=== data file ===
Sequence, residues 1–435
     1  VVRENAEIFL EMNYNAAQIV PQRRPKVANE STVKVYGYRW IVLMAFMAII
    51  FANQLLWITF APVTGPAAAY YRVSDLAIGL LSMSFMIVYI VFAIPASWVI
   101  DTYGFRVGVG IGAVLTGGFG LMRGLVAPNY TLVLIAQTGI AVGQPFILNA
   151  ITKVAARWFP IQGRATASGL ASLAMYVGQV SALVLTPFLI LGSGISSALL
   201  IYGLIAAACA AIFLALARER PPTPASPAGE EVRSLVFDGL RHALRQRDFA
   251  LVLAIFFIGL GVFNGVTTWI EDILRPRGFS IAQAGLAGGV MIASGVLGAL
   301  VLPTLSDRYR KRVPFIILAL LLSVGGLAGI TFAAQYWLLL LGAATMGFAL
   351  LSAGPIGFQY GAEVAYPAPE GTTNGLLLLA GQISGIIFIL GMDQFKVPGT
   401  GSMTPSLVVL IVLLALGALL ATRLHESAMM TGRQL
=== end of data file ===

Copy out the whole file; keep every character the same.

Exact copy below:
Sequence, residues 1–435
     1  VVRENAEIFL EMNYNAAQIV PQRRPKVANE STVKVYGYRW IVLMAFMAII
    51  FANQLLWITF APVTGPAAAY YRVSDLAIGL LSMSFMIVYI VFAIPASWVI
   101  DTYGFRVGVG IGAVLTGGFG LMRGLVAPNY TLVLIAQTGI AVGQPFILNA
   151  ITKVAARWFP IQGRATASGL ASLAMYVGQV SALVLTPFLI LGSGISSALL
   201  IYGLIAAACA AIFLALARER PPTPASPAGE EVRSLVFDGL RHALRQRDFA
   251  LVLAIFFIGL GVFNGVTTWI EDILRPRGFS IAQAGLAGGV MIASGVLGAL
   301  VLPTLSDRYR KRVPFIILAL LLSVGGLAGI TFAAQYWLLL LGAATMGFAL
   351  LSAGPIGFQY GAEVAYPAPE GTTNGLLLLA GQISGIIFIL GMDQFKVPGT
   401  GSMTPSLVVL IVLLALGALL ATRLHESAMM TGRQL